US Press: pick of the papers

The ten must-read opinion pieces from today's US papers.

1. Let's All Feel Superior (New York Times)

The general reaction to the Penn State atrocity has been self-righteous and dishonest. We should all take a look at our propensity to self-deceive, says David Brooks.

2. Why Obama Is Beating the GOP Field (Washington Post)

Republicans aren't closing the deal with voters, finds Eugene Robinson.

3. The New Progressive Movement (New York Times)

Economist Jeffrey Sachs writes: "As before in history, the moment has arrived when people just can't take it anymore."

4. A manifesto for progressive-conservatives (Dallas Morning News) ($)

William McKenzie feels that those, like him, who believe in progressive social values and conservative economics won't have a satisfying presidential candidate come next November.

5. Will partisanship shape the healthcare ruling? (Los Angeles Times)

The Supreme Court has agreed to decide the constitutionality of the individual mandate. Erwin Chemerinsky asks whether the judges see the issue in terms of legal precedent or partisanship.

6. Geography as destiny (Politico)

David Dante Troutt writes that the sprawl of inequity and the reduction of opportunity offend basic American values.

7. Mississippi makes a statement on moral clarity (Detroit Free Press)

The nation's most conservative state has conceded there is something totalitarian in the idea the state can force a woman to bear a child she does not wish to bear, writes Leonard Pitts Jr.

8. Stop-and-frisk is the wrong approach: There are more humane ways to combat crime (New York Daily News)

David Kennedy argues it is time for the NYPD and other departments to attack violence with a coordinated strategy.

9. Family care cuts should be reversed (Star Tribune)

Heaping cuts on relatives who care for disabled is unfair, argues this editorial.

10. Congress Backslides on School Reform (Wall Street Journal) ($)

Kevin Chavous blames the regression on a strange, harmful alliance between the tea party and the teachers unions.

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Emmanuel Macron's "moralisation of politics" comes at a heavy price for his allies

"Fake" jobs in French politics, season 3 episode 1.

Something is rotten in the state of France. No political party – at least none that existed before 2016 – seems immune to the spread of investigations into “fake” or shady parliamentary jobs. The accusations sank centre-right candidate François Fillon’s presidential campaign, and led to Marine Le Pen losing her parliamentary immunity in the European parliament (and proxy wars within her party, the National Front). Both deny the allegations. Now the investigations have made their way to the French government, led by Edouard Philippe, Emmanuel Macron’s Prime Minister.

On Wednesday morning, justice minister François Bayrou and secretary of state for European affairs Marielle de Sarnez announced their resignation from Philippe’s cabinet. They followed defence minister Sylvie Goulard’s resignation the previous day. The three politicians belonged not to Macron's party, En Marche!, but the centrist MoDem party. Bayrou, the leader, had thrown his weight behind Macron after dropping his own presidential bid in April.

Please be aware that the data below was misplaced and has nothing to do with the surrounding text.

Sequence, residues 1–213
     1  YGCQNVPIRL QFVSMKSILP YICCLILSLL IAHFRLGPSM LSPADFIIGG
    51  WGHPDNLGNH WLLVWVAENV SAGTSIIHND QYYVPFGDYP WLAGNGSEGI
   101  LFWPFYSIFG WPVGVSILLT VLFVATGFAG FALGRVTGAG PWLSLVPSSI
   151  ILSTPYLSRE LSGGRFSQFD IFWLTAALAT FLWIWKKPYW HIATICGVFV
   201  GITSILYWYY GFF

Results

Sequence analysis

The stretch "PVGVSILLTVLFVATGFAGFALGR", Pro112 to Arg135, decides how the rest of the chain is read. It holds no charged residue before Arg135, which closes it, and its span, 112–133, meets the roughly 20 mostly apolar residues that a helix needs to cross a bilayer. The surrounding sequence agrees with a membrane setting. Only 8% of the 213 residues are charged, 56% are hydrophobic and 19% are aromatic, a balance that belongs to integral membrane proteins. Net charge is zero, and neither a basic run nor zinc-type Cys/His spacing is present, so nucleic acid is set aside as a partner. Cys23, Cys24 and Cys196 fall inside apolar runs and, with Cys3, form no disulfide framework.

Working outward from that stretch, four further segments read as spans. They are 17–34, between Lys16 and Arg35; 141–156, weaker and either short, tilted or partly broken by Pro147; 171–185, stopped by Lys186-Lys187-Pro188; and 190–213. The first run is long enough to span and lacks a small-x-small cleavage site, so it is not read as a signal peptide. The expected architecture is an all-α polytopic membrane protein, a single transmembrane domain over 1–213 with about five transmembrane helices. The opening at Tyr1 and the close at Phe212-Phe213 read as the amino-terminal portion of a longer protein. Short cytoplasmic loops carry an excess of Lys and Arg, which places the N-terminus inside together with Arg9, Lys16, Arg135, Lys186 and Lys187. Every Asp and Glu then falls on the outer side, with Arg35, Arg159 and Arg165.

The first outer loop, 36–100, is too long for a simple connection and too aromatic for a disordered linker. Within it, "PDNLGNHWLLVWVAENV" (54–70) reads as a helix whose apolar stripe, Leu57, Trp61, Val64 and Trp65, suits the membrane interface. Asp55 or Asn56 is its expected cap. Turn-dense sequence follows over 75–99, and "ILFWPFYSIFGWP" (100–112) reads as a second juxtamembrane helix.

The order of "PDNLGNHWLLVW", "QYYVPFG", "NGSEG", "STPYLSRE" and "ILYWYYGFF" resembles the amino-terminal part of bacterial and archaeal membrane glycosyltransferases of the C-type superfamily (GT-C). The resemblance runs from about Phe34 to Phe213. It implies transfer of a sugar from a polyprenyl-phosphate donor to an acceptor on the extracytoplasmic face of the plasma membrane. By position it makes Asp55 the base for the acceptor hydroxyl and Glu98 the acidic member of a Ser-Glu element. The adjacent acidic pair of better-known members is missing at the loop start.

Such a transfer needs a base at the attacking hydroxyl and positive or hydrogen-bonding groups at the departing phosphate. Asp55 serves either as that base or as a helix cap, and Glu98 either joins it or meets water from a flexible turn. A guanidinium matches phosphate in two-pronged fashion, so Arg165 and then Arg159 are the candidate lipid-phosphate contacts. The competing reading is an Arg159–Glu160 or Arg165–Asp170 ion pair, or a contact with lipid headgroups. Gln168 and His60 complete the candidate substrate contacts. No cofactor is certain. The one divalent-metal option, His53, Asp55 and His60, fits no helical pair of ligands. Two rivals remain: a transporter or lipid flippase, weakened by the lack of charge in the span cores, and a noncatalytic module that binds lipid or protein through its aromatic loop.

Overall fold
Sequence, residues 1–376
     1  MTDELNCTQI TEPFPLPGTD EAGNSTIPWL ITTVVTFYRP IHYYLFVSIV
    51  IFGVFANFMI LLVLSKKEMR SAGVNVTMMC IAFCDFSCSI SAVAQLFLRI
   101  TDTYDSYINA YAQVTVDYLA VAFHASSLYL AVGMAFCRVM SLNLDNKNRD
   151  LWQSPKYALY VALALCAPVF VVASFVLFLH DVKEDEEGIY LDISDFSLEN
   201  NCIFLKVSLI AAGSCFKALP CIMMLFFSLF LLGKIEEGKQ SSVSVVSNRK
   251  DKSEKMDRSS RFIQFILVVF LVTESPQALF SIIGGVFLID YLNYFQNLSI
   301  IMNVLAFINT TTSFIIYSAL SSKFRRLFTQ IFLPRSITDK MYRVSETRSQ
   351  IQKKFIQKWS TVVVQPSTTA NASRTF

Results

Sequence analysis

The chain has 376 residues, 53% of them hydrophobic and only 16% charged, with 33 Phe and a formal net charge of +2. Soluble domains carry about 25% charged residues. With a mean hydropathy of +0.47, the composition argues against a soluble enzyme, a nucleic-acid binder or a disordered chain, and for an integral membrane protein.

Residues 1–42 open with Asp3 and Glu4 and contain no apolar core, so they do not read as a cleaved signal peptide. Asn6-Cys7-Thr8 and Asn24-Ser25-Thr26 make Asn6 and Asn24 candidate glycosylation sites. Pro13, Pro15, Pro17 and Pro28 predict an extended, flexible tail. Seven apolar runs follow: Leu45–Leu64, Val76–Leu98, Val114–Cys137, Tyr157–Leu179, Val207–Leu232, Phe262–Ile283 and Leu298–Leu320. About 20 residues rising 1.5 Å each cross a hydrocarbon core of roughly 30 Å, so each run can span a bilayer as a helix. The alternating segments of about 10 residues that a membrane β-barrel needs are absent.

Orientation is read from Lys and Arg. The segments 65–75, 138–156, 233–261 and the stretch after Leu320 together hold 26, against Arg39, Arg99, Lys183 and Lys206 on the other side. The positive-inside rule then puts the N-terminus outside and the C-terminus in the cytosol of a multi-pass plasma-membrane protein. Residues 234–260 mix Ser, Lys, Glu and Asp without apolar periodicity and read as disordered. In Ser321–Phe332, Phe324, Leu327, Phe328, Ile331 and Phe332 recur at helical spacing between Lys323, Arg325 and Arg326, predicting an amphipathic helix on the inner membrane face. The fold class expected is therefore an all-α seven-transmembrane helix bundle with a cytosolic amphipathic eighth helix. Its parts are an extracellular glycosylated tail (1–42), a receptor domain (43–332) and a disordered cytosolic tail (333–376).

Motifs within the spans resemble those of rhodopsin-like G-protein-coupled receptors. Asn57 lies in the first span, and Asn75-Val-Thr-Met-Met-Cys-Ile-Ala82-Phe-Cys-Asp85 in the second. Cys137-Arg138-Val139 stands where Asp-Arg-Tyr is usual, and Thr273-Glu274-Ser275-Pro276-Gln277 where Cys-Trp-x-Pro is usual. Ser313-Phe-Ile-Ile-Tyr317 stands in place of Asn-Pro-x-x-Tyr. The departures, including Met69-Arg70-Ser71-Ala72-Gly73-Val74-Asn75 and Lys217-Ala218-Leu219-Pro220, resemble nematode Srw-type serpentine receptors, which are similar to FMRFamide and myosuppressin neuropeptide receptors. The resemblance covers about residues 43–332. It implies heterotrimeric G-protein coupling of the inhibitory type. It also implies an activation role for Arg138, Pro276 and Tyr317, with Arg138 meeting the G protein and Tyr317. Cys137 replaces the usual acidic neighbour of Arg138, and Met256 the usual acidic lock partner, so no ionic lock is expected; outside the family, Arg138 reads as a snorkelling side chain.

The disappearance of three ministers leaves Emmanuel Macron’s cross-party government, which includes politicians from centre left and centre right parties, without a centrist helm. (Bayrou, who has run several times for the French presidency and lost, is the original “neither left nor right” politician – just with a less disruptive attitude, and a lot less luck). “I have decided not to be part of the next government,” he told the AFP.

Rumours had been spreading for weeks. Bayrou, who was last part of a French government as education minister from 1993 to 1997, had been under pressure since 9 June, when he was included in a preliminary investigation into “embezzlement”. The case revolves around whether the parliamentary assistants of MoDem's MEPs, paid for by the European Parliament, were actually working full or part-time for the party. The other two MoDem ministers who resigned, along with Bayrou, also have assistants under investigation.

Bayrou has denied the allegations. He has declared that there “never was” any case of “fake” jobs within his party and that it would be “easy to prove”. All the same, by the time he resigned, his position as justice minister has become untenable, not least because he was tasked by Macron with developing key legislation on the “moralisation of politics”, one of the new President’s campaign pledges. On 1 June, Bayrou unveiled the new law, which plans a 10-year ban from public life for any politician convicted of a crime or offence regarding honesty and transparency in their work.

Bayrou described his decision to resign as a sacrifice. “My name was never pronounced, but I was the target to hit to attack the government’s credibility,” he said, declaring he would rather “protect this law” by stepping down. The other two ministers also refuted the allegations, and gave similar reasons for resigning. 

Macron’s movement-turned-unstoppable-machine, En Marche!, remains untainted from accusations of the sort. Their 350 new MPs are younger, more diverse than is usual in France – but they are newcomers in politics. Which is exactly why Macron had sought an alliance with experienced Bayrou in the first place.

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